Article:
resting on certain citizens of Southern States,
that Congress is greatly disposed to deal lib
erally hereafter with that class of persons, re
storing to their rights all who hereafter are to j
he calculated on to sustain the policy of Con
gress." The plain English of which, we pre
sume, is that those who are expected to be
Radicals, may be expected to be "favorably :
considered." Is this the "feast"' to which
applicants for removal of disabilities, were
invited'{
? The Chicago Times estimates that 700.
000,000 gallons of aloohol are annually drank
in America, and that SI,000,000,000 are paid
at bars.
? Mrs. Kelson, a grandaughter of General
NelsoD,a signer of the Declaration of Indepen
dence,died in Hanover county, Va., last week.
? William Archer, mail agent on the Dan
vill Railroad, was arrested at Richmond Fri
day for robbing the mail.
VALLEYITEMS.
From our Valley exchanges we copy the
following items :?
The white-population of Harrisonburg is
1,5}70, colored 579; total 1,849.
_ Mr. Chas. Welsh, of Woodstock, has
killed a hog weighing 754 pounds.
The measles are prevailing amongst the
colored people of Harrisonburg in a violent
form.
? The Rev. Mr. Buhrman, of Waynes
boro', lias accepted a call from the Lutheran
congregation of Martinsburg.
? A lady by the name of Wood, living in
the upper end of Shenandoah county, was
badly burned by the explosion of a Kerosene
lamp, a few days ago.
? Sheriff S. R. Allebaugb, of Rockingham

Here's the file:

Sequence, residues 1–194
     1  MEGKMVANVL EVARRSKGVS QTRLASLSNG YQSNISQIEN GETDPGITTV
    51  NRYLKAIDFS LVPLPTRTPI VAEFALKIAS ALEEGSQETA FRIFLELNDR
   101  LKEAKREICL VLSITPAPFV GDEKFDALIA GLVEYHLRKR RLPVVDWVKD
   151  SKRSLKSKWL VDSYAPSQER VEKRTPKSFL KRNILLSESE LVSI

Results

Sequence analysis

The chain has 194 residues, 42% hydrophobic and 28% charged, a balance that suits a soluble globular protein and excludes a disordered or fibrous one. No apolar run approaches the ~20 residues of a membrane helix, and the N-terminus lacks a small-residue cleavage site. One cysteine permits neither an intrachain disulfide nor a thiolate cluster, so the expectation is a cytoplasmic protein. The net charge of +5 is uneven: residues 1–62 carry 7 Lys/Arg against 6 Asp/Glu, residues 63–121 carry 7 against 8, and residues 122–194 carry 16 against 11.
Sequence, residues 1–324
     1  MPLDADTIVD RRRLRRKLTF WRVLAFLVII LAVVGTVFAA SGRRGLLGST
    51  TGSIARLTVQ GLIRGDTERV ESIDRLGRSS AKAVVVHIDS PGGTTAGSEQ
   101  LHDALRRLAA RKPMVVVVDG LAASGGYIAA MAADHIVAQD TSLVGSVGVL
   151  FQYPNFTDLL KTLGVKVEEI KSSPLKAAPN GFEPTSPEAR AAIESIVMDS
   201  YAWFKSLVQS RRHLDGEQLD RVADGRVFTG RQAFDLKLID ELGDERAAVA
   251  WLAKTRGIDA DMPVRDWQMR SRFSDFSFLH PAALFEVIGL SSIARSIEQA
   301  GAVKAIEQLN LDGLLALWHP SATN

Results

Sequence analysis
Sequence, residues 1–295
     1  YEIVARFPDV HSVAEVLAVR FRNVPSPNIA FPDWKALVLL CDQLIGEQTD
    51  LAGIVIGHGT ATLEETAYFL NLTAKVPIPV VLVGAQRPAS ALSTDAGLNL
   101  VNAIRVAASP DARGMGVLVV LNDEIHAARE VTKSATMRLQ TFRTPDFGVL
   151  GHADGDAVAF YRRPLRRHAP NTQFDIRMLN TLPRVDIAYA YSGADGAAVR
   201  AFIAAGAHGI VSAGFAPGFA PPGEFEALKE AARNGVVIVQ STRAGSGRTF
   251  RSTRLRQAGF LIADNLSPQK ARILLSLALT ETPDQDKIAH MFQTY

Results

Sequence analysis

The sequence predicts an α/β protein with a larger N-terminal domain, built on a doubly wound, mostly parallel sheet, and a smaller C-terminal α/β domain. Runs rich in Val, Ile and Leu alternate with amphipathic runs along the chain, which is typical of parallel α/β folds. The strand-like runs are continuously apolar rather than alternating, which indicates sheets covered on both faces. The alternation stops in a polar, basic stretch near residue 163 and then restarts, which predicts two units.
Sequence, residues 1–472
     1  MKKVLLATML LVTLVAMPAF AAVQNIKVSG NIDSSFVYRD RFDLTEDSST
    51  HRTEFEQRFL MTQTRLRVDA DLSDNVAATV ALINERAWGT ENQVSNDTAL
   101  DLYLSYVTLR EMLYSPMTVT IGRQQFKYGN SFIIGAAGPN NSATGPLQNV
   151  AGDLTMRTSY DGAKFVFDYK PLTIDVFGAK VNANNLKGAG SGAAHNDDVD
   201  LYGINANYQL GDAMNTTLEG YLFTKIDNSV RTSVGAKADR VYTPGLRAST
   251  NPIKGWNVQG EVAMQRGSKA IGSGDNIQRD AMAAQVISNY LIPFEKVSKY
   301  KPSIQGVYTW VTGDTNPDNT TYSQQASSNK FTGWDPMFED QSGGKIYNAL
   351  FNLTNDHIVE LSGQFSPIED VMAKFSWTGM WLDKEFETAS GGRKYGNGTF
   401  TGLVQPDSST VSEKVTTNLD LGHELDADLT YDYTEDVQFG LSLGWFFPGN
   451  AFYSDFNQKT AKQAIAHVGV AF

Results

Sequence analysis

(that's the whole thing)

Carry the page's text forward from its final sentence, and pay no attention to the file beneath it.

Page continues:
county, has just arrived from Maryland with
two prisoners ? Chas. llains and John Jones
?who were recently arrested in Baltimore,
upon a charpe of having stolen horses from
Mr. E. W. Hester, near McGaheysville, in
that county.
? The trial of John Murphy, charged with
the mnrder of John Conner, near Mount
Jackson, on the 21st of last October, was con
cluded before the county cotlrt of Shenandoah,
on the 13th inst., by a verdict of "murder in
the senond degree," and the fixing of the term
of the prisoner's confinemeut in the Peni
tentiary at ten years.
? A rich vein of Copper has been discover
ed on the Blue Ridge, about four miles south
east of Luray, near the locality known as the
"Stony Man." Gentlemen of capital and
enterprise are about to form a company for
the purpose of working the mine. Coal has
also been discovered on the premises of Col.
Andrew Keyser, on the Shenandoah River,
North of Luray.
? On Thursday, the 11th inst., the large
Stable connected with the Stonewall Hotel in
Lexington was totally consumed by fire. There
were in the stable at the time four horses,only
one of which was saved. An adjoining house
occupied by Mrs. Mitchell was also burned.?
On Saturday night, the 18th inst., the Store
house owned by E. S. Tulwiler, and occupied
by Messrs. J. H. Myres & Son took fire, as is
supposed from an oil lamp and the entire build
ing was completely destroyed.
? A vein of Anthracite' Coal, of good
quality, has been discovered in North Moun
tain, Shenandoah county, near the graded road
leading from Mount Jackson to Orkney
Springs. Favorable indications of Coal have
been also discovered in Cedar Creek Valley,
North of Woodstock. From the information